Traditional Investments

Glossary

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Macro Fund: A hedge fund that specializes in strategies designed to profit from expected macroeconomic events.

Maintenance Margin: See Margin.

Managed Account: See Controlled Account and Discretionary Account.

Manipulation: Any planned operation, transaction, or practice that causes or maintains an artificial price. Specific types include corners and squeezes as well as unusually large purchases or sales of a commodity or security in a short period of time in order to distort prices, and putting out false information in order to distort prices.

Many-to-Many: Refers to a trading platform in which multiple participants have the ability to execute or trade commodities, derivatives, or other instruments by accepting bids and offers made by multiple other participants. In contrast to one-to-many platforms, many-to-many platforms are considered trading facilities under the Commodity Exchange Act. Traditional exchanges are many-to-many platforms.

Margin: The amount of money or collateral deposited by a customer with his broker, by a broker with a clearing member, or by a clearing member with a clearing organization. The margin is not partial payment on a purchase. Also called Performance Bond. (1) Initial margin is the amount of margin required by the broker when a futures position is opened; (2) Maintenance margin is an amount that must be maintained on deposit at all times. If the equity in a customer's account drops to or below the level of maintenance margin because of adverse price movement, the broker must issue a margin call to restore the customer's equity to the initial level. See Variation Margin. Exchanges specify levels of initial margin and maintenance margin for each futures contract, but Futures Commission Merchants may require their customers to post margin at higher levels than those specified by the exchange. Futures margin is determined by the SPAN margining system, which takes into account all positions in a customer’s portfolio.

Margin Call: (1) A request from a brokerage firm to a customer to bring margin deposits up to initial levels; (2) a request by the clearing organization to a clearing member to make a deposit of original margin, or a daily or intra-day variation margin payment because of adverse price movement, based on positions carried by the clearing member.

Market-if-Touched (MIT) Order: An order that becomes a market order when a particular price is reached. A sell MIT is placed above the market; a buy MIT is placed below the market. Also referred to as a board order. Compare to Stop Order.

Market Maker: A professional securities dealer or person with trading privileges on an exchange who has an obligation to buy when there is an excess of sell orders and to sell when there is an excess of buy orders. By maintaining an offering price sufficiently higher than their buying price, these firms are compensated for the risk involved in allowing their inventory of securities to act as a buffer against temporary order imbalances. In the futures industry, this term is sometimes loosely used to refer to a floor trader or local who, in speculating for his own account, provides a market for commercial users of the market. Occasionally a futures exchange will compensate a person with exchange trading privileges to take on the obligations of a market maker to enhance liquidity in a newly listed or lightly traded futures contract. See Specialist System.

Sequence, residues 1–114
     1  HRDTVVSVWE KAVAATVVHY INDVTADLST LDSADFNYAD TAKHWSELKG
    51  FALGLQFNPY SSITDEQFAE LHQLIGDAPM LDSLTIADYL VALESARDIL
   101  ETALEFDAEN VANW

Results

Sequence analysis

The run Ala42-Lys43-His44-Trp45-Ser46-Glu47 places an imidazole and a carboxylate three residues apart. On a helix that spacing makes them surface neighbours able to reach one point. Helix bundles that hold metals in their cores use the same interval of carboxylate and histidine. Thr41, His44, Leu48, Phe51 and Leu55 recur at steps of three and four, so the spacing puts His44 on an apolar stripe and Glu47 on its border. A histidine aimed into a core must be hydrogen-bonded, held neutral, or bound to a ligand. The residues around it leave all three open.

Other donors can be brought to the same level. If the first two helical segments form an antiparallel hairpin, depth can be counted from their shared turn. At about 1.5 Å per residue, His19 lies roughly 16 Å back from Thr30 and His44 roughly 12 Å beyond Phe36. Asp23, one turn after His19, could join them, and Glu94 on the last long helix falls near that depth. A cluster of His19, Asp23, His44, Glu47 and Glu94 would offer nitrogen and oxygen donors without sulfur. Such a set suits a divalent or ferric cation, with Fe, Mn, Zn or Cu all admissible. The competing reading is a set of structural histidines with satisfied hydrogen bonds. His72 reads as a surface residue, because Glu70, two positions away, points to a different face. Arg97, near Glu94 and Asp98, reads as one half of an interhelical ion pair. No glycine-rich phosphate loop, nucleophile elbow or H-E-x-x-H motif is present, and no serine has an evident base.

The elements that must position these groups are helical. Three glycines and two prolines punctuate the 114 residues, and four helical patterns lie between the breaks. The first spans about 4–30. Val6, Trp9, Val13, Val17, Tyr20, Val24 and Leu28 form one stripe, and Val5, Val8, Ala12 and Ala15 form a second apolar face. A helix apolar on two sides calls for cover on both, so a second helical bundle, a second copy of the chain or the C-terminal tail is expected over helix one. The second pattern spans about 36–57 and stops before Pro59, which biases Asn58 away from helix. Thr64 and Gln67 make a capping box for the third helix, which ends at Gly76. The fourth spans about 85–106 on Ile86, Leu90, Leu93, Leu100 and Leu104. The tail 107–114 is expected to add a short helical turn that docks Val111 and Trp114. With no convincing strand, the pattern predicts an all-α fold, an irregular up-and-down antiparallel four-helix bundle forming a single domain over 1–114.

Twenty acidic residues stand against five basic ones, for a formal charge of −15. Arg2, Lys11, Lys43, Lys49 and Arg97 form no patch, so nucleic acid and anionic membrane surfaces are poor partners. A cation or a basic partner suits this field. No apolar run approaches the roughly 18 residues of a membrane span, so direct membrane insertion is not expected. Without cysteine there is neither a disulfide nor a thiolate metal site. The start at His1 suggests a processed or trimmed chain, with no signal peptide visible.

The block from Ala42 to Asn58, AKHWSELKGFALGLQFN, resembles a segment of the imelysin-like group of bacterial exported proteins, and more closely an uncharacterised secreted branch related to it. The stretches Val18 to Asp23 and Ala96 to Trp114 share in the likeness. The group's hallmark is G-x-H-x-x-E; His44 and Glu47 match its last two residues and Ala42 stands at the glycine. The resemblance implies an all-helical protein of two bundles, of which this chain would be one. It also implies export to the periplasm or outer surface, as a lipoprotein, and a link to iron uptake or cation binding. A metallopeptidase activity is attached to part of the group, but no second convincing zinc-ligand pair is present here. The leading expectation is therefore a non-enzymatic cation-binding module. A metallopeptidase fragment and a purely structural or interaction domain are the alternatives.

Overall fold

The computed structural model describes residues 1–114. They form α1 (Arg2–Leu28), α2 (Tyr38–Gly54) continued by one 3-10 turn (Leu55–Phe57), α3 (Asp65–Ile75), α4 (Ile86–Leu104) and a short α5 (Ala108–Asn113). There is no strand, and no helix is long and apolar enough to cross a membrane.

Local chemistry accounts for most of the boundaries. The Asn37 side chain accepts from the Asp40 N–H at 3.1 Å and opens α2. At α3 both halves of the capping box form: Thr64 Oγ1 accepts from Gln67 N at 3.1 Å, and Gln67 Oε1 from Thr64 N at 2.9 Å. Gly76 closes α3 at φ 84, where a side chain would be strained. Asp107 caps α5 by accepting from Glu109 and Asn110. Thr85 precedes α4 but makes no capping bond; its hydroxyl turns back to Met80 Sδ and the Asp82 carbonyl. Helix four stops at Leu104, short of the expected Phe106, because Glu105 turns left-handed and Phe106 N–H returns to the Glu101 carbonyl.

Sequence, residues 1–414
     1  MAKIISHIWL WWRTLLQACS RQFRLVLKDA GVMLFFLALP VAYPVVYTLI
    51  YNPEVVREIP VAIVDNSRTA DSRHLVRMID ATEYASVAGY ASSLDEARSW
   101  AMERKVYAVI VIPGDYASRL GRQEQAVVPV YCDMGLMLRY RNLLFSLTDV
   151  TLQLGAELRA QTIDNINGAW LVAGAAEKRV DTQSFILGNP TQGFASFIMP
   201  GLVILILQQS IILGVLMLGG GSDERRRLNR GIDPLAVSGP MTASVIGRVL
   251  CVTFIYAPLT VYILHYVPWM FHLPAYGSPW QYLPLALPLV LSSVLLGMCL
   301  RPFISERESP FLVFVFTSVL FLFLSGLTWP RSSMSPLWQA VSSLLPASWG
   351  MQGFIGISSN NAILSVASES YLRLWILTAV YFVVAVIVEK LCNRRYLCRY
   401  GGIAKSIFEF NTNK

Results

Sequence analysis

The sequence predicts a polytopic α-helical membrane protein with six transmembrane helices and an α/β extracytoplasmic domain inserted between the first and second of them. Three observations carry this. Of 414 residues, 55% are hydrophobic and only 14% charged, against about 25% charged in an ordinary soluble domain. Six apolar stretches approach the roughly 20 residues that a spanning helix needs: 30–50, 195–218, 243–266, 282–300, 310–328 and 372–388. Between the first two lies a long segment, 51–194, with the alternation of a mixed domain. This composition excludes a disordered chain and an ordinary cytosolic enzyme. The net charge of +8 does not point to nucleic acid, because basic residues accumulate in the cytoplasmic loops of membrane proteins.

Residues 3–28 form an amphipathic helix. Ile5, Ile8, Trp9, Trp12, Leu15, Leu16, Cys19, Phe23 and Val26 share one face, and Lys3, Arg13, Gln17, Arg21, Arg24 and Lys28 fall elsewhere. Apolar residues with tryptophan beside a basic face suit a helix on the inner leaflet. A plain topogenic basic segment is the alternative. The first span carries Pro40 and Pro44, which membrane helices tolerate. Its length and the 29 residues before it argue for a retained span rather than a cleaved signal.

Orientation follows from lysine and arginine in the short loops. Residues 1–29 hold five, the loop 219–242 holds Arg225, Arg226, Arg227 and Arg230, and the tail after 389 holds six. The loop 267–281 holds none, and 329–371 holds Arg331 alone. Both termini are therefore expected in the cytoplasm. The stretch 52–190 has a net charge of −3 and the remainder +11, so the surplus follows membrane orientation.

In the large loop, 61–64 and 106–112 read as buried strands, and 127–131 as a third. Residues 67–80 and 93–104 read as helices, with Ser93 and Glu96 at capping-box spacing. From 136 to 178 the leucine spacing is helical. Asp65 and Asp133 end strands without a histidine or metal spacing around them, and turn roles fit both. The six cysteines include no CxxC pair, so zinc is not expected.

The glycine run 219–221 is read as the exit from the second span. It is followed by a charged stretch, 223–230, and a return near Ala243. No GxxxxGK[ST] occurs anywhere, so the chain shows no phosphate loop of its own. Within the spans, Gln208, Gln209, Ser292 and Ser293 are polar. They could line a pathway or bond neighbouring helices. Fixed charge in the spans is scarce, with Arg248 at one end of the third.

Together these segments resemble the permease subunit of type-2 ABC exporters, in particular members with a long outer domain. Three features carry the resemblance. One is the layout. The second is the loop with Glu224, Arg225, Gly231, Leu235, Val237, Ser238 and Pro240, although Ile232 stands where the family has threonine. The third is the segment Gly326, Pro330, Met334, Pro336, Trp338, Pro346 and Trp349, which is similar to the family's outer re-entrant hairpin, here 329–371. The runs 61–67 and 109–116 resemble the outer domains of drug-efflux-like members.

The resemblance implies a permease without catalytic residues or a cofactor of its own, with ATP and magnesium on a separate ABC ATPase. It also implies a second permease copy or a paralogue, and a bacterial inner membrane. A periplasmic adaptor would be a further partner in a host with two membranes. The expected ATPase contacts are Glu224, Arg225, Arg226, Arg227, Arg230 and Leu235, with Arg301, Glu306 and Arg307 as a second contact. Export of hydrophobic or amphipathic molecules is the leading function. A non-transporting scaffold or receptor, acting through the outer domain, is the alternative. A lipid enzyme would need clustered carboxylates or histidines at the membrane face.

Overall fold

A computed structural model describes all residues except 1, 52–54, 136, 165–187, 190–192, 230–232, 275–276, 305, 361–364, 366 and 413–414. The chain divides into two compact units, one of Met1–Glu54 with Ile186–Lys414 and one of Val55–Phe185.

Market-on-Close: An order to buy or sell at the end of the trading session at a price within the closing range of prices. See Stop-Close-Only Order.

Market-on-Opening: An order to buy or sell at the beginning of the trading session at a price within the opening range of prices.

Market Order: An order to buy or sell a futures contract at whatever price is obtainable at the time it is entered in the ring, pit, or other trading platform. See At-the-Market Limit Order.

Mark-to-Market: Part of the daily cash flow system used by US futures exchanges to maintain a minimum level of margin equity for a given futures or option contract position by calculating the gain or loss in each contract position resulting from changes in the price of the futures or option contracts at the end of each trading session. These amounts are added or subtracted to each account balance.

Maturity: Period within which a futures contract can be settled by delivery of the actual commodity.

Maximum Price Fluctuation: See Limit (Up or Down) and Daily Price Limit.

Member Rate: Commission charged for the execution of an order for a person who is a member of or has trading privileges at the exchange.

Mini: Refers to a futures contract that has a smaller contract size than an otherwise identical futures contract.

Minimum Price Contract: A hybrid commercial forward contract for agricultural products that includes a provision guaranteeing the person making delivery a minimum price for the product. For agricultural commodities, these contracts became much more common with the introduction of exchange-traded options on futures contracts, which permit buyers to hedge the price risks associated with such contracts.

Minimum Price Fluctuation (Minimum Tick): Smallest increment of price movement possible in trading a given contract.

Minimum Tick: See Minimum Price Fluctuation.

MOB Spread: A spread between the municipal bond futures contract and the treasury bond contract, also known as munis over bonds.

Momentum: In technical analysis, the relative change in price over a specific time interval. Often equated with speed or velocity and considered in terms of relative strength.

Money Market: The market for short-term debt instruments.

Multilateral Clearing Organization: See Clearing Organization.

Source: Commodity Futures Trading Commission

 

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